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Scholarship of Engagement
Community Engagement Definitions
For the purpose of university engagement, a community is a group (i.e., people, industry, entity) external to the university who are affiliated by shared characteristics such as geographical proximity, special interest, need, similar situation, or values.
Sustained collaboration between institutions of higher education and communities for the mutually beneficial exchange, exploration, and application of knowledge, information, and resources. Examples are research, capacity building, or economic development.
The application and provision of institutional resources, knowledge or services that directly benefits the community. Examples include music concerts, athletic events, student volunteers, public lectures, or health fairs.
The collaboration between institutions of higher education and their larger communities for the mutually beneficial exchange of knowledge and resources in the context of partnership and reciprocity. It can involve partnerships and coalitions that help mobilize resources and influence systems and serve as catalysts for initiating and/or changing policies, programs, and practices.
The creation and dissemination of knowledge and creative expression in furtherance of the mission and goals of the university and in collaboration with the community. Community engaged scholarship addresses community needs through research, teaching, Extension and outreach in a mutually beneficial partnership. The quality and impact of Community Engaged Scholarship are determined by academic peers and community partners.
A pedagogical approach that connects students and faculty with activities that address community‐identified needs through mutually beneficial partnerships that deepen students' academic and civic learning. Examples are service‐learning courses or service‐learning clinical pratica.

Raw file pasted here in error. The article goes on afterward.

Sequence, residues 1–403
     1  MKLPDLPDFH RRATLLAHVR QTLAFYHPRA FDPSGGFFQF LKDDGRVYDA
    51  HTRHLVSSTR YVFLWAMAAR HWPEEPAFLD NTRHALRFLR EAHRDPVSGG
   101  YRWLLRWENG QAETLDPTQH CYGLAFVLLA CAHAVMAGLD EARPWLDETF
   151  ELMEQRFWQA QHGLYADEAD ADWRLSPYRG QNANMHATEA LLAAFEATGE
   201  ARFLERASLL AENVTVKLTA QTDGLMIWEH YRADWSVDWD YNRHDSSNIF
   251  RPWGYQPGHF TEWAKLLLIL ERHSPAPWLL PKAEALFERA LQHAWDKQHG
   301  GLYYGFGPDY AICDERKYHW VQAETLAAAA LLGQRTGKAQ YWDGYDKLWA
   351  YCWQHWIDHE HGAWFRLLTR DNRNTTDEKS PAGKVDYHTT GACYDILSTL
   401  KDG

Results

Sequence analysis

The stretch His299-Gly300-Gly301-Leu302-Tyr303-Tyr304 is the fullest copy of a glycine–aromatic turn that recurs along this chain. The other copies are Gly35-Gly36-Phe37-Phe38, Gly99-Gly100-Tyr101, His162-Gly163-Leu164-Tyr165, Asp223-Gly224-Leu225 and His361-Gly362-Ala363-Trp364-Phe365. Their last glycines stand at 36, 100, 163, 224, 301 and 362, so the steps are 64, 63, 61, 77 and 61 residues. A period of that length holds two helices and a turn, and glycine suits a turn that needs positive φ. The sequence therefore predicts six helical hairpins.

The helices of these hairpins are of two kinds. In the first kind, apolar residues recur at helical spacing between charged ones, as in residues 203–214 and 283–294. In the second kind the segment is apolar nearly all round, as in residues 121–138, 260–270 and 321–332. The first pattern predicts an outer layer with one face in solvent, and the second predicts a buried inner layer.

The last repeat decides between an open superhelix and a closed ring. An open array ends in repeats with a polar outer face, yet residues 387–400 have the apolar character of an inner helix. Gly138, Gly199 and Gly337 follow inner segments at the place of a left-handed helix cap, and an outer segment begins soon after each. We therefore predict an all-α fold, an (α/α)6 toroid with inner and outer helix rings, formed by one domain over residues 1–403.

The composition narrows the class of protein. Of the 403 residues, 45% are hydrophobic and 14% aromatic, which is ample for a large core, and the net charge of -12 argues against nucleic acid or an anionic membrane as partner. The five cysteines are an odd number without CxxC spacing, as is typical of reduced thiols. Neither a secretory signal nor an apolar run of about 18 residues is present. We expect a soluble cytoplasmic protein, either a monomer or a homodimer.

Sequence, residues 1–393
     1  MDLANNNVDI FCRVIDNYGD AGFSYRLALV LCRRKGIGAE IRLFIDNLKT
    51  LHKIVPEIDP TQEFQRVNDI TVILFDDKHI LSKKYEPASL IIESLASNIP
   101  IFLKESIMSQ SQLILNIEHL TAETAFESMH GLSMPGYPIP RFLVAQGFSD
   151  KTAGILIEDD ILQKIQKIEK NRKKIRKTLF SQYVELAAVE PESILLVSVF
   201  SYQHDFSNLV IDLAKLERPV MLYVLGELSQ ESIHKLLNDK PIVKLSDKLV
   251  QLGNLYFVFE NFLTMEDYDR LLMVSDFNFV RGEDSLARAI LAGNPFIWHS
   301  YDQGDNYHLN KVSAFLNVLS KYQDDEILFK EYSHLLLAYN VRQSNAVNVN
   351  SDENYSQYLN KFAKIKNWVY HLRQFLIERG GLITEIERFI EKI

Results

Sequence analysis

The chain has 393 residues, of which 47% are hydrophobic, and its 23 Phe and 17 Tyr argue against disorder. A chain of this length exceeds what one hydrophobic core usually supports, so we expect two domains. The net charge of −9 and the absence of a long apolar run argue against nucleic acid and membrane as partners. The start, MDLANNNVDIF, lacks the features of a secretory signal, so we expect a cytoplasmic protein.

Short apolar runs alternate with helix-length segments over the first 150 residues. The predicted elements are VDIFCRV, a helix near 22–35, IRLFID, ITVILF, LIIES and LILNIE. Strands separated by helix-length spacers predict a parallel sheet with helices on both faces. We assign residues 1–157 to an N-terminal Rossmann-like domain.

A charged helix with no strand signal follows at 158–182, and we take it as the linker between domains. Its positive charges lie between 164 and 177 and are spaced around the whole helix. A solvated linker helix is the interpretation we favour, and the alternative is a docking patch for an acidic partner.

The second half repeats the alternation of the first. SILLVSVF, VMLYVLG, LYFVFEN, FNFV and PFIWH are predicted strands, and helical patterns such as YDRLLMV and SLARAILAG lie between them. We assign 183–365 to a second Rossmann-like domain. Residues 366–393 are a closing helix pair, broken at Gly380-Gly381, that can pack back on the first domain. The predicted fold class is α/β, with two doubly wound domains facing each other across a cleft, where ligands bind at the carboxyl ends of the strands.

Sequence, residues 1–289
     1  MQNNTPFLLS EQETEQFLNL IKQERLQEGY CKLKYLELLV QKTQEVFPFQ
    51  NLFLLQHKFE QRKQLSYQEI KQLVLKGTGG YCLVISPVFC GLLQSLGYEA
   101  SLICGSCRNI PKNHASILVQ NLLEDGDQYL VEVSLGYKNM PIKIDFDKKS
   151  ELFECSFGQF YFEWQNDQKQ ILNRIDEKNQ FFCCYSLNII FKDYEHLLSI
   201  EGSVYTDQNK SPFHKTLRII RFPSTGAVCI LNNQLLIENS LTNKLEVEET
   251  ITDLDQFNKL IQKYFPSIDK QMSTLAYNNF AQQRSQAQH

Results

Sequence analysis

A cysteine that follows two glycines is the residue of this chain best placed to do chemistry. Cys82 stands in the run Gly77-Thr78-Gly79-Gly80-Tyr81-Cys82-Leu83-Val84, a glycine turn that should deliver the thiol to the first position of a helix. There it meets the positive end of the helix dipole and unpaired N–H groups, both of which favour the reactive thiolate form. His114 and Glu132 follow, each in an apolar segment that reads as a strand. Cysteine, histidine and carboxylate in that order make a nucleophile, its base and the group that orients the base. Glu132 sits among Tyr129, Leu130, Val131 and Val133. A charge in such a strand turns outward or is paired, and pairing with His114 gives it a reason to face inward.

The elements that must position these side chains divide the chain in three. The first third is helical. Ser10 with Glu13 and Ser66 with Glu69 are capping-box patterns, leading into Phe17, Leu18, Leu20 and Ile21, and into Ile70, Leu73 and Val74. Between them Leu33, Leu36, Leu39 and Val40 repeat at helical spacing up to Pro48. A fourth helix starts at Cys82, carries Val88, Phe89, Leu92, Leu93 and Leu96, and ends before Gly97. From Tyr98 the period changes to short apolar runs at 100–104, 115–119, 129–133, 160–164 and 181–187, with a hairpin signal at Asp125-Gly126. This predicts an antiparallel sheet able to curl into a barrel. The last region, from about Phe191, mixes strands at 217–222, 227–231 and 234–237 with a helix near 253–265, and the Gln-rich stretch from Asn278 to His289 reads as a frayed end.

Community-Engaged Research/Creative Work
A collaborative process between the researcher and community partner that creates and disseminates knowledge and creative expression with the goal of contributing to the discipline and strengthening the well‐being of the community. Community‐engaged research and creativity identify the assets of all stakeholders and incorporates them in the design and conduct of the different phases of the research process.
The application of one's professional expertise that addresses a community‐identified need and supports the goals and mission of the university and the community. Community‐engaged outreach may entail the delivery of expertise, resources and programs to the community.
Virginia Commonwealth University utilizes these key terms and proposed definitions. See:
1Carnegie Foundation for the Advancement of Teaching. (2011). Classification description: Community engagement elective classification. Retrieved from
2Clinical and Translational Science Awards Consortium’s Community Engagement Key Function Committee. (2011). Principles of community engagement (2nd ed). (NIH Publication No. 11‐7782). Retrieved from
3Driscoll, A., & Sandmann, L. (2011). Evaluation Criteria for the Scholarship of Engagement. Retrieved from
4Glassick, C., Huber, M., & Maeroff, G. (1997). Scholarship assessed: Evaluation of the professoriate. San Francisco: Jossey‐Bass.
5Harter, L.M., Hamel‐Lambert, J., & Millesen, J. (2011). Participatory partnerships for social action and research. Dubuque, IA: Kendall Hunt Press.
6Lynton, E.A. (1995). Making the case for professional service. Washington, DC: American Association for Higher Education.
7Saltmarsh, J. (2010). Changing pedagogies. In H. Fitzgerald, C. Burack, & S. Seifer (Eds.). Handbook of engaged scholarship: Contemporary landscapes, future directions. Vol. 1: Institutional change. East Lansing, MI: Michigan State University Press.
8The University of Kansas Beach Center on Disability. (2012). Participatory action research. Retrieved from
9U.S. Department of Health and Human Services Office of Behavioral and Social Science Research.(unknown). Community-based participatory research. Retrieved from
Traditional and Engaged Scholarship
- Breaks new ground in the discipline.
- Answers significant questions in the discipline.
- Is reviewed and validated by qualified peers in the discipline.
- Theoretically grounded.
- Advances disciplinary knowledge.
- Breaks new ground in the discipline and has direct application to broader people issues
- Answers significant questions in the discipline which have relevance to public or community issues.
- Is reviewed and validated by qualified peers in the discipline and the community.
- Theoretically grounded and practically applicable.
- Advances disciplinary knowledge and public knowledge.